When traveling long distance on the road, you need to also consider where you will be spending the nights along the way. The most important consideration is that despite of the desire to get to the destination in the shortest amount possible, your body and mind (especially if you’re the driver) will need some time to rest after several hours sitting in the car and concentrating on the road). Otherwise, it may cause some risk of endangering yourself and others on the road — you need to know your physical limits and ensure that you don’t push it beyond.
In several multi-day, multi-destination road trips I had done in the past, typically I considered three options for lodging.
First option is no lodging at all, but stopping at rest areas whenever I feel like I need some break. This is a good practice to do even when you’re only doing a day trip, but I would consider this option only if I’m driving with an alternate driver who can take turn with me in driving / resting, thus we’re not losing time from the rest stop but still keeping the drive safe. And I think the longest stretch I had done such segment of a trip was less than 24 hours, also knowing that at the end of that stretch I would have an opportunity to rest (e.g., a cozy room waiting somewhere to rest and freshen up).
Second option is to plan the route so you would end up reaching a particular destination along your trip where you can make a prior arrangement for a place to stay overnight. That could be staying at the home of someone who I know, or staying at an accomodation at the particular location. This is my preferred choice, as personally I’m a planner and I would like to have things prepared or planned ahead of time and I know exactly how to structure my schedule.
The third option is to just ‘wing it’ and drive as far as you’re comfortable of going, and find lodging option wherever and whenever you get to your ‘end of day.’ I’m least comfortable doing this as it goes against my nature of having the trip structured/planned, but sometimes you may not have a choice if your trip is happening in the last minute or you can’t easily planned out the trip due to whatever reasons.
During the coast-to-coast road trip with my brother, we had about five days to complete around 3,300 miles. That means on average around 660 miles, which means roughly around 10 hours of driving a day. Plus we’re driving east bound, meaning that we would be ‘losing’ time as we go across timezone boundaries. So we did rough planning as we mapped our journey. We knew we would be passing Chicago area during the trip, and my brother’s old college friend lived in the suburb of Chicago. And then between Chicago and New York City, we thought we could take a little longer trip through Washington, DC, area, which added several hours to the driving time, but that would mean we can spend one night at my home.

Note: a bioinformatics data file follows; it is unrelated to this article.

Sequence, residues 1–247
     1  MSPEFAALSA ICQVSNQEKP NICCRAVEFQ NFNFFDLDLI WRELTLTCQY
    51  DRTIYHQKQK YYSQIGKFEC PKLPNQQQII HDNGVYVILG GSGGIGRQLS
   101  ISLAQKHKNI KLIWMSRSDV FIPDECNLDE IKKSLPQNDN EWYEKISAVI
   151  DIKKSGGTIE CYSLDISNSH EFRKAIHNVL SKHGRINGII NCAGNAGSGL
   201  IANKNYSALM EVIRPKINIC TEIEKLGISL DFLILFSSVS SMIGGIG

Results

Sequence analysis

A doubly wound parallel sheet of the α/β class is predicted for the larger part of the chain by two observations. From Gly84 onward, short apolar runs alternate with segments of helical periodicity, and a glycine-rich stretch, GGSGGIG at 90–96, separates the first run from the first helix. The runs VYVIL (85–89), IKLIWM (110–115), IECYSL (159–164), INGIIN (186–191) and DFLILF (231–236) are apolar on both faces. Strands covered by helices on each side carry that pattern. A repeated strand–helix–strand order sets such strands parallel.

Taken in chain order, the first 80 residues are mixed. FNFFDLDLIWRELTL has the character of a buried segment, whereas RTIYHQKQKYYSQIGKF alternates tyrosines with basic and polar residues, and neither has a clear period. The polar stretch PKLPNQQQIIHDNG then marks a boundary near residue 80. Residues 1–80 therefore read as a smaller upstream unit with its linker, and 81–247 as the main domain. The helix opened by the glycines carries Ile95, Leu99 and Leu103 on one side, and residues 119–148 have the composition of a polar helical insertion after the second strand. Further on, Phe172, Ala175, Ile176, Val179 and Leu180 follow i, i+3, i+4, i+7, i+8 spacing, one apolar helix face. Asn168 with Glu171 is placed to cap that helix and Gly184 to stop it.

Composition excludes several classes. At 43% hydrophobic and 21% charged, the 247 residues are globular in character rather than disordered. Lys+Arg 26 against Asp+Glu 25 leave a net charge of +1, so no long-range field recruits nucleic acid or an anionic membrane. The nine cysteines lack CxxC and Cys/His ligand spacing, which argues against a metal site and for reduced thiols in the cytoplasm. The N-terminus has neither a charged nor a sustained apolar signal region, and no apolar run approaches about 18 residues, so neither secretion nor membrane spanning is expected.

That left us with figuring out where to stop for the first two nights on the road between Santa Monica and Chicago. In the end, we decided to make get into the spirit of the Mother Road travel, and purposefully not planning where we would be staying for those two nights. We thought we would just push as far as we could on the first day, hopefully to get somewhere close to Arizona-New Mexico border, and then on the second day, do another push to get to somewhere in Oklahoma that would be roughly covering another third of the distance towards Chicago.
For the first night, we had one place in mind as a place to stay that we thought would be an experience in itself. In Holbrook, AZ, there is a family-owned motel called the Wigwam Motel that is unique because each of the motel rooms is inside a wigwam-shaped structure. The place had been around since the heyday of Motel 66, and it was an inspiration for the wigwam-shaped motel in the animated movie Cars. A few hours before we reached Holbrook, I called in the Motel to see if they had any room available for the night. Unfortunately we were not the only one with such idea, and the place was sold out for the night. So as an alternative, we did stay at a motel in Holbrook, but it was one of the more modern alternatives, a motel in a chain called Travelodge. We only stayed for a few hours of sleep and to take showers, so it wasn’t really much to remember other than it served the purpose.
In the morning, as we continued our drive east bound, we stopped in Gallup, NM, for breakfast. We passed another landmark on Route 66, a hotel called the El Rancho Hotel. We didn’t stop and only took a photo of the hotel from the road, but this is one place that should be considered if you’re looking for an accomodation around there. The hotel was built by someone connected to the movie industry to provide comfortable lodging fit for movie stars, as between then 1940s and 1960s Holywood filmmakers would shoot the Old Western movies in the area that is about as real western atmosphere as it gets. There is the desert, the nearby Native American reservations, and the other worldly vistas of red rock mesas. It’s pretty cool to think that the hotel’s past guests included names like John Wayne, Ronald Reagan, Katherine Hepburn, and Kirk Douglas.
So there it was, the experience of finding lodging options along the western part of Route 66. The photo below was the El Rancho Hotel in Gallup, NM. We did drive past the Wigwam Motel in Holbrook, AZ, but it was dark in the middle of the night, so we didn’t have any photo of the unique motel.